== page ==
Novak (novak) wrote,

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Musical: Describing Mark and Dina

As I mentioned last night, trying to write about music is about as crazy as trying to paint about music. But it has to be done, for one reason or another. In this case, even though I've had to postpone my archive work of the George and the Freeks' live shows until after my doctoral exams are finished, these friends needed immediate attention. So I had to sit with their songs last night and try to say something that captured a mood that shouldn't be represented by anything but the music itself. It's kind of like what teaching a one-semester, 20-century Church History course was like: you so had to condense, select, summarize, and interpret that while being totally honest, it still almost amounted to lying. So much had to be passed by, and so little of your time could be given to actual texts, records and memoirs, of which history is made, and instead had to be given over to a history text with its impossible mission.

And so there I was, listening...:
Mark Lang possesses one of those voices that could only be found in the home-grown, American tradition of classic rock. It’s half gospel, half E-Street, and all soul. Quirky and convincing, Lang is one of those performers who captures an audience with ease for the simple reason that he’s not trying to. All he’s doing is giving himself to the music he’s making. It seems almost unfair that an artist can seize control of an audience as easily with an acoustic guitar as he can with a full band. But once he starts playing, you’re willing to go along with him—just to find out where the ride is going to take you.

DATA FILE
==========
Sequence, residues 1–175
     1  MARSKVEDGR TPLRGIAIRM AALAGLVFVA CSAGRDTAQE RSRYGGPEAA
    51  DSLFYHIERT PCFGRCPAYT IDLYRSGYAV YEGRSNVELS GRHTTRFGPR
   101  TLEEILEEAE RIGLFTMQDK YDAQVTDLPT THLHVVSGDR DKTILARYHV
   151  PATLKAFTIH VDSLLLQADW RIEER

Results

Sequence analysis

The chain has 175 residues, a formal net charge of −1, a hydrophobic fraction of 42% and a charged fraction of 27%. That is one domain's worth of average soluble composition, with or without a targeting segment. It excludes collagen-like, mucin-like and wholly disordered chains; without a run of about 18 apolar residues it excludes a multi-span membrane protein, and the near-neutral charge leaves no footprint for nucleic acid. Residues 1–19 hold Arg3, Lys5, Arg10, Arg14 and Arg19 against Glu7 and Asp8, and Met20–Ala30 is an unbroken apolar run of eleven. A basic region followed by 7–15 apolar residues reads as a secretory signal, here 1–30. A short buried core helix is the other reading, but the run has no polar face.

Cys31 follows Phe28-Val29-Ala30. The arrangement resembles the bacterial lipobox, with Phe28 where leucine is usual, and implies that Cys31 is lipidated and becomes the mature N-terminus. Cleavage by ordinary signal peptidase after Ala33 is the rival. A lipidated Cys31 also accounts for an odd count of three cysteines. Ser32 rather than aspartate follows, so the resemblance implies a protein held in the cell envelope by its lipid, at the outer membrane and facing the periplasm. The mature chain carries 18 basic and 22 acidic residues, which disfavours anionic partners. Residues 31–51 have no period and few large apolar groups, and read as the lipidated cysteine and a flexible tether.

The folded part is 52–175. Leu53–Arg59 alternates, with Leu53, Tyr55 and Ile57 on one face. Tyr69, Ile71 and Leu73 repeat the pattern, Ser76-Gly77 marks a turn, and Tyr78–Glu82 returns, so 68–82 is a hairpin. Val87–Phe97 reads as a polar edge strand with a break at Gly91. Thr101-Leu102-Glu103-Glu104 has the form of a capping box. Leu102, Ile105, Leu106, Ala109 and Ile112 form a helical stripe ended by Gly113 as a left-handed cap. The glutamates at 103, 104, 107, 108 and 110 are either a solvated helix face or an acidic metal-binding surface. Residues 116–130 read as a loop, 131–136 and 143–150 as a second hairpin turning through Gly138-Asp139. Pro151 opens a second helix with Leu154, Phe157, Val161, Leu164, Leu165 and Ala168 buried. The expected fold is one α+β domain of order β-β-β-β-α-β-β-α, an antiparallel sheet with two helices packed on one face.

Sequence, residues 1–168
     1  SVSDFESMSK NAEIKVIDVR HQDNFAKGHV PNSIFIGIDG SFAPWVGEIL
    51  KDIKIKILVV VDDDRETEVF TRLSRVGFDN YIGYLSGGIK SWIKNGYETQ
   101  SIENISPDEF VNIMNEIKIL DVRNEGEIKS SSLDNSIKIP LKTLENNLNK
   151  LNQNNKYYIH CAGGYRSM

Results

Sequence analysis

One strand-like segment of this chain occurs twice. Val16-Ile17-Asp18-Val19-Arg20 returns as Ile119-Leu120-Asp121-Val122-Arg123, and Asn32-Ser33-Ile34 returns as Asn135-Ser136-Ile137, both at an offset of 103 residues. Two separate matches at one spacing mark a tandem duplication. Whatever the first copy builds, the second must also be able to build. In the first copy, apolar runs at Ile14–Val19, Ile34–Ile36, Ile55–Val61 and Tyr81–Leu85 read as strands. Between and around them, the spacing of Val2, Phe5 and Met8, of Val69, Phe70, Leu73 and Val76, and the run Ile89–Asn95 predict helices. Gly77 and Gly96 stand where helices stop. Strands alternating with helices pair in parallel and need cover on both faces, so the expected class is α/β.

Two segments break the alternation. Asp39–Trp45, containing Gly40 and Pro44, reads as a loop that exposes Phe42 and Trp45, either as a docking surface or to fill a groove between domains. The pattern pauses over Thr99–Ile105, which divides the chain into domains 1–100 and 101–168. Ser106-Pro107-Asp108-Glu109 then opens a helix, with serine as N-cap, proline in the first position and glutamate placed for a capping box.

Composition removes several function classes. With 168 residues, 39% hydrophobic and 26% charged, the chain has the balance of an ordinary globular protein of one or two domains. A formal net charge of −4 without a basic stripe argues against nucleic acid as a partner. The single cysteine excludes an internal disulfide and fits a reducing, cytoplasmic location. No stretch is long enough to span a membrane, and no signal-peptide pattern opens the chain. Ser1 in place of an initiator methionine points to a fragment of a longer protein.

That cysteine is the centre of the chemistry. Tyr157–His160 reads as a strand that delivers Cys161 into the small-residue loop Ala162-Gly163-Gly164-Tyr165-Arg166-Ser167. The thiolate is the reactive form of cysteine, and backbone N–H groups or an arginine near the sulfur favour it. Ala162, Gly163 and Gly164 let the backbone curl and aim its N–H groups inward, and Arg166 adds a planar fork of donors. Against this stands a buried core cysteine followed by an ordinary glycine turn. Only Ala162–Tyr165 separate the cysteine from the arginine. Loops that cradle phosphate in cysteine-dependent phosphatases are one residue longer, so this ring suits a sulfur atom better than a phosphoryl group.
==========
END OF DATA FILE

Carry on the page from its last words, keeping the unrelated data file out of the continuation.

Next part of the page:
Unexpected. Perhaps that’s the best word to offer when you encounter the music of Nadina Bembic for the first time. Melodies, chords and lyrics combine in ways you couldn’t have prepared yourself for. “Cutting-edge” or “avant-garde” are clichés always to be avoided, and are simply inadequate for trying to describe the experience of what is almost like hearing music for the first time, as though Music Itself were something she had just thought up on the spot. Lines that meander like the rain on the window; a kind of passion that somehow conveys exactly that it means to be a Woman; it all makes you pause, if a pause is something that can last for an hour and make you forget to breathe. But it’s okay: it was just Unexpected.

The Sozo Experience, featuring Mark Lang and Nadina Bembic, bring an eclectic array of soulful song-writing and rootsy improvisation to the stage. Blending jazz, blues, classical and avant-garde, Nadina creates harmonically rich chord patterns that embellish her sometimes sultry, sometimes angelic voice. Mark weaves his soulful voice through folk-rock guitar style, reminiscent of George Harrison and Donovan, his guitar riffs punctuating their musical intimacies with decisive exclamations or suspicious questions. Two distinct artists, but together something else, where you can’t be sure where one begins and the other ends.
True? False? Somewhere in-between? Dina's Shipwrecked should be coming forth shortly and will go a ways toward settling that. Online, we can find a rough cut of her "Deetdah", which strikes me as leaning more toward the jazz lounge than is usual in her music, while I wrote the above more under the influence of "Candour," "Woman," and "Breathe." From Mark, one might consider this old and virtually-unknown rarity from the days of George and the Freeks, his "If I Go On My Way", which is what I was listening to with particular pleasure last night.
Tags: friends-notre dame era, george and the freeks, musical, writing

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